MTC Projects Score in Statewide Tranny Awards | News

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MTC Projects Score in Statewide Tranny Awards

Wednesday, June 4, 2008

MTC and its Bay Area Toll Authority (BATA) branch received the Project of the Year award for the new Benicia-Martinez Bridge from the California Transportation Foundation (CTF) in the annual statewide Tranny Awards competition.

CTF also bestowed top honors to two other projects sponsored by MTC/BATA at the Tranny Awards ceremony today in Sacramento: a demonstration transit information kiosk at the Embarcadero BART/Muni station in San Francisco, and the outreach effort surrounding the MacArthur Maze disaster and reconstruction in the spring of 2007.

Opening in August 2007, the new second span of the Benicia-Martinez Bridge carries northbound traffic along the Interstate 680 corridor. “This new $1.2 billion, one-mile bridge crossing the Carquinez Strait hides incredible complexity in its sleek elegance,” the awards committee noted in its program. Among the longest cast-in-place balanced cantilever segment bridges built in seismic terrain, the structure embodies engineering breakthroughs in the form of new methods to cure lightweight concrete and a bubble curtain to shield migrating fish from pile-driving shock waves.

The new span also incorporates a striking new toll plaza that is as high-tech as it looks: It is the first bridge in California to offer open-road tolling, which allows cars bearing FasTrak® transponders to pass through at highway speeds. Freeway backups in the vicinity of the bridge have evaporated as a result of the innovation.

“I don’t know of a single project that has had as great an impact on the people of Solano County,” said MTC Commissioner Jim Spering, who also is a Solano County supervisor. “Commuters in my county are saving an average of 40 minutes per trip, every day.” Spering noted the project was “an incredible team effort”; in addition to honoring BATA, the Foundation cited Kiewit Pacific Company, T.Y. Lin International, CH2M Hill, FCI Constructors, Caltrans District 4 and Earth Mechanics. The Benicia-Martinez Bridge Open-Road Tolling aspect itself also was a finalist for the Traffic Operations Program of the Year.

Billed as a “Traveler’s aid for the video age,”the project at the Embarcadero BART/Muni station turned an underutilized newspaper stand at one of the region’s busiest transit crossroads into a multiuse, high-tech transit information kiosk. Recognized as the Community Awareness Program of the Year, it features video screens with real-time departure information and vignettes promoting regional transit projects, current transit maps and schedules, and knowledgeable staff who guide travelers and sell transit tickets passes for eight systems along with TransLink® fare cards. MTC provides the funding and manages the contract for the project, which is also sponsored by BART and S.F. Muni.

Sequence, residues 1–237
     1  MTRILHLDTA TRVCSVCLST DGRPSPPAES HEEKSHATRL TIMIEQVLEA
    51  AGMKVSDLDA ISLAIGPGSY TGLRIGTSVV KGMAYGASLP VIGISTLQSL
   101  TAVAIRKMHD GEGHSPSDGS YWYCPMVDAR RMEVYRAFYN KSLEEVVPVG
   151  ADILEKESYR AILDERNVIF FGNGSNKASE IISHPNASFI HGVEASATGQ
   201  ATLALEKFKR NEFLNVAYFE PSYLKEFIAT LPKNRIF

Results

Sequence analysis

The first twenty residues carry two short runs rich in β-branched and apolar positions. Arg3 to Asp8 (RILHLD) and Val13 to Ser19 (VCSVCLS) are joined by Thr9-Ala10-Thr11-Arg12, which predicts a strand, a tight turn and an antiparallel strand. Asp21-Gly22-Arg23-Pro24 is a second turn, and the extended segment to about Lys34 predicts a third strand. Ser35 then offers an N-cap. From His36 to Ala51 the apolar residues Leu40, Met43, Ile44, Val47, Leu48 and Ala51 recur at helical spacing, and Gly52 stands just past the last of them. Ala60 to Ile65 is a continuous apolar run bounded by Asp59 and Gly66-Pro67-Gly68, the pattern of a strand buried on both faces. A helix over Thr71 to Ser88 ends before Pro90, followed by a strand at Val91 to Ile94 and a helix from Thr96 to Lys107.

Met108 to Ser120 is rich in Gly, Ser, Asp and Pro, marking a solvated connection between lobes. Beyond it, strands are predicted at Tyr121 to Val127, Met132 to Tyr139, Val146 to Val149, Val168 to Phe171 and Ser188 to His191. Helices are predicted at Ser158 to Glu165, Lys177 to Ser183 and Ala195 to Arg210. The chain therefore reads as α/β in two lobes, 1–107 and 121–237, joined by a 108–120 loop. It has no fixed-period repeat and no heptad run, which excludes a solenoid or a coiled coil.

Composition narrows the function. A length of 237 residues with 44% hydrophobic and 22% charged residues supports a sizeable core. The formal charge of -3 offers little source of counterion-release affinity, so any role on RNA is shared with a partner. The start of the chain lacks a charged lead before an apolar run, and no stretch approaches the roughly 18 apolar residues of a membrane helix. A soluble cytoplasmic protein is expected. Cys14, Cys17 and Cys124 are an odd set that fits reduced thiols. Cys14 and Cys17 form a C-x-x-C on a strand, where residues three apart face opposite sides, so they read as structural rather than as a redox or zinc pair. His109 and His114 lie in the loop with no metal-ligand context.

The ABCs of MTC” was a finalist in the Community Awareness Program category. The handy guide takes a fresh approach to demystifying transportation policymaking, and is helping citizens participate more fully in the decision-making process in the San Francisco Bay Area.

The public information effort surrounding the MacArthur Maze disaster — in which a fiery taker truck accident caused a key link in this region’s busiest interchange to melt onto the roadway below — was highlighted as the Public Outreach Program of the Year. MTC worked with Caltrans and Bay Area transit operators to mobilize the emergency response, including free rides across all Bay Area bus, rail and ferry systems the first Monday after the weekend incident. The promotion was a resounding success, with BART experiencing record ridership and highway gridlock averted. To keep the transit momentum going and traffic moving freely, MTC launched an information blitz to publicize commute alternatives through its 511.org traveler information Web site and phone line.

Another joint MTC/BATA-Caltrans project, thepublic information campaign for the 2007 Labor Day weekend closure of the Bay Bridge, was afinalist in the Outreach Program category as well. The $1 million effort effectively informed millions of Californians up and down the state about the closure as well as alternate routes and transit options. The project that triggered the closure — the retrofit by replacement of a chunk of the upper deck of the Bay Bridge (with the new piece rolled into place over Labor Day weekend) — was recognized as Major Structure Project of the Year, with special recognition for Caltrans District 4 and C.C. Myers, Inc. 
— Brenda Kahn

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